Joaquín Achúcarro Concert
Caruth Auditorium
6101 Bishop Blvd.
7:30 p.m. Friday
$8 and up
The Distinguished Performer Concert Series at Southern Methodist University’s Meadows School of the Arts, which highlights notable faculty and guests, returns for its 2017-18 season. Esteemed concert pianist and Meadows professor Joaquín Achúcarro opens the season with an all-Chopin program. Achúcarro, who has produced some of the finest piano recordings ever — including his take on Bernard Herrmann’s Concerto Macabre for Piano and Orchestra — is using this event as a high-caliber practice of sorts; he’s flying to London to record these Chopin compositions after the performance. This installment of the series is dedicated to the memory of local philanthropist and music lover Jeanne Roach Johnson. The event starts at 7:30 p.m. Friday, Sept. 1 at SMU’s Caruth Auditorium, 6101 Bishop Blvd. Admission is $14 for adults, $11 for seniors and $8 for SMU students, staff and faculty. For more information, visit smu.edu/meadows. — Jonathan Patrick

Modern Sacred: The Saint John's Bible and Selections from the Permanent Collection
Beatrice M. Haggerty Gallery
1845 E. Northgate Drive, Irving
6-9 p.m. Friday
Free
The attraction of an illuminated manuscript goes beyond words on the page. Drawings and decorations, often in gold and silver, surround the text or appear in the margins and as featured, small illustrations. The Saint John’s Bible was the first handwritten and illuminated Bible commissioned by a Benedictine monastery since the 15th century’s welcome of the printing press. With an opening reception from 6 to 9 p.m. Friday, Sept. 1, the University of Dallas’ Beatrice M. Haggerty Gallery, 1845 E. Northgate Drive in Irving, presents Modern Sacred: The Saint John’s Bible and Selections from the Permanent Collection, on view through Sept. 30. The exhibit showcases what is known as the Heritage Edition, a limited reproduction of the “Gospels and Acts” volume of the famous Bible. The original parchment remains at St. John’s University in Minnesota. Curator Christina Haley selected accompanying contemporary works that speak to the sacred imagery and themes in the historic piece. The gallery is open from 10 a.m. to 5 p.m. Mondays through Fridays. Admission is free. Visit udallas.edu/gallery. — Merritt Martin

The Invasion Car show brings hot rods and babes to Trees Saturday.
The Invasion Car show brings hot rods and babes to Trees Saturday.
Mike Brooks

Invasion Car Show
Trees
2709 Elm St.
10 a.m.-6 p.m. Saturday
$10
Are you the kind of gearhead who whistles at cool cars as they drive past? Then there’s only place for you to go. The annual Invasion Car Show celebrates the form and function of classic hot rods on Labor Day weekend in the bowels of Deep Ellum. This year marks the club’s 10th anniversary, so it’s hosting the classic car show in one of Deep Ellum’s most iconic and visited spots: Trees, 2709 Elm St. At the Invasion Car Show, from 10 a.m. to 6 p.m. Saturday, Sept. 2, visitors can gawk at some of the coolest and fastest custom rods and rides in all of North Texas as they line up along Elm Street. Then pile into Trees for an after-party concert with “King of the Juke Joint Swing” Wayne Hancock at 7 p.m. Tickets for the Wayne Hancock show are $10 and can be purchased at ticketfly.com. — Danny Gallagher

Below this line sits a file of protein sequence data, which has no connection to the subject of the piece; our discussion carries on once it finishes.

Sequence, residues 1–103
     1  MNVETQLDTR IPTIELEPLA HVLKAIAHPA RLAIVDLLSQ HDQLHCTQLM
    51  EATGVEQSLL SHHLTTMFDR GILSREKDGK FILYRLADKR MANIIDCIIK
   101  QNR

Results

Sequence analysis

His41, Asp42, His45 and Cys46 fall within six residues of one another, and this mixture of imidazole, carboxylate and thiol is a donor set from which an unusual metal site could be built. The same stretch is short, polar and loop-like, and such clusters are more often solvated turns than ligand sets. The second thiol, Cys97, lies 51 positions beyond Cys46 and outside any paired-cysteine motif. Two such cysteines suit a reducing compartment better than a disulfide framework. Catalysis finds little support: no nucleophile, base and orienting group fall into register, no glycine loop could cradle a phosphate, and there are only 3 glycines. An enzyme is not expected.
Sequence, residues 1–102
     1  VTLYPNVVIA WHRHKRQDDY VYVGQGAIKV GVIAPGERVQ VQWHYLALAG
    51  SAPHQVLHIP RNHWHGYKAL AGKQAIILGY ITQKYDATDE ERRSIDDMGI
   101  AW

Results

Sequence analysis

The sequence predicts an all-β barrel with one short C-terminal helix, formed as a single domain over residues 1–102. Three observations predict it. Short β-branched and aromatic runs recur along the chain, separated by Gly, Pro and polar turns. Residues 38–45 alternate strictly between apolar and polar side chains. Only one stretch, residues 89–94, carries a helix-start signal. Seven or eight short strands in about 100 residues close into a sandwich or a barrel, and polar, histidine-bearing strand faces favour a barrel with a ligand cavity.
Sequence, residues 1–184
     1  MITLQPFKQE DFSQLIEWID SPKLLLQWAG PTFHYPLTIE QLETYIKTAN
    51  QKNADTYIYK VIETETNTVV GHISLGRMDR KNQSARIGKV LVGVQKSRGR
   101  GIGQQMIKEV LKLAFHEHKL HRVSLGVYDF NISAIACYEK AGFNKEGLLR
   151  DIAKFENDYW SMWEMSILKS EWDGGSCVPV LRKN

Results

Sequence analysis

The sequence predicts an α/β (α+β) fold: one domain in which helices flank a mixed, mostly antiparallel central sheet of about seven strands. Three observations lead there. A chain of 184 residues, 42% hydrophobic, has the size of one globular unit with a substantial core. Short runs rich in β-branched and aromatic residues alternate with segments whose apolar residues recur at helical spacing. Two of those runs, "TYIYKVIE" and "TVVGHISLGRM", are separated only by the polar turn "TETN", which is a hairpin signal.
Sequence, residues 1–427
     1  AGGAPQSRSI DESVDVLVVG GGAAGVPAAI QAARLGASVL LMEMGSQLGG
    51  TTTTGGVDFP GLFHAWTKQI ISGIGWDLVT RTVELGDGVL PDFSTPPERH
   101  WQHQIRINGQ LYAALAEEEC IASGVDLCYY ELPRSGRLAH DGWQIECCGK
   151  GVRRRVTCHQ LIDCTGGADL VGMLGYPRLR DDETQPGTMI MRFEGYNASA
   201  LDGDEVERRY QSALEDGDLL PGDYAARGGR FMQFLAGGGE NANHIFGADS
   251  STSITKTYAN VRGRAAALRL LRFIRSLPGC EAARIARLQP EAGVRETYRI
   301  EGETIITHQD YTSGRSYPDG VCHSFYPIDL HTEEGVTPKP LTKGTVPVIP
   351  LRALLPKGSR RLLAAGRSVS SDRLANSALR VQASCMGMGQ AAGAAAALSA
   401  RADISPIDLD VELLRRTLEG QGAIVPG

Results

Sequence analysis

Soul Bounce
Ship's Lounge
1613 Greenville Ave.
9 p.m.-1 a.m. Saturday
Free
Wanz Dover and a rotating guest list of some of the city's best soul DJs throw a retro party, touching on funk, soul, psyche rock, surf, protopunk, garage rock and other assorted old school jams, every Saturday night at Ships Lounge. With tunes from Velvet Underground to Otis Redding, this weekly Lower Greenville gig is a great alternative for those not wanting to brave Deep Ellum on its busier nights. It's truly a night dedicated to perfect dive bar jams for mods and rockers of all stripes. — Diamond Victoria

The Essential Nature
Bath House Cultural Center
521 E. Lawther Drive
7-9 p.m. Saturday
Free
The Essential Nature, a group exhibition at the Bath House Cultural Center, 521 E. Lawther Drive, concentrates on the artistic process of reduction. Sometimes making a statement comes from what was left out or taken away, and it’s what isn’t there that allows a message to breathe and come forward through the strokes that remain. The show opens with a reception from 7 to 9 p.m. Saturday, Sept. 2, and runs through Sept. 30. It features works by Mylan Nguyen, Viola Delgado, Sarita Westrup and others. Gallery hours are noon to 6 p.m. Tuesdays through Saturdays. Admission is free. Visit bathhouse.dallasculture.org. — Merritt Martin

Labor Day at the Arboretum
Dallas Arboretum
8525 Garland Road
10 a.m.-4 p.m. Saturday and Sunday
$10-$15
Labor Day is a sigh of relief. It’s a weekend celebration of the fact that the worst of the hot weather is (mostly) behind us, the kids are back in school, and there’s still enough heat for pool parties and frosty cocktails. Let’s lean into it with a jam-packed three-day celebration at the Dallas Arboretum, 8525 Garland Road. From 10 a.m. until 4 p.m. Saturday, Sept. 2, through Monday, Sept. 4, the whole family can enjoy $2 hot dogs and root beer floats at the Terrace Café, plus lawn games on the Martin Rutchik Concert Lawn. Chase bubbles and listen to live music from Corey Breedlove between 11 a.m. and 2 p.m. Saturday and Sunday. The Roof Raisers band plays all the best summertime jams between 11 a.m. and 2 p.m. Monday. All events are free with general admission, which is $10 to $15 (and free for kids ages 2 and younger); parking is $15. Find more information at dallasarboretum.org. — Jennifer Davis-Lamm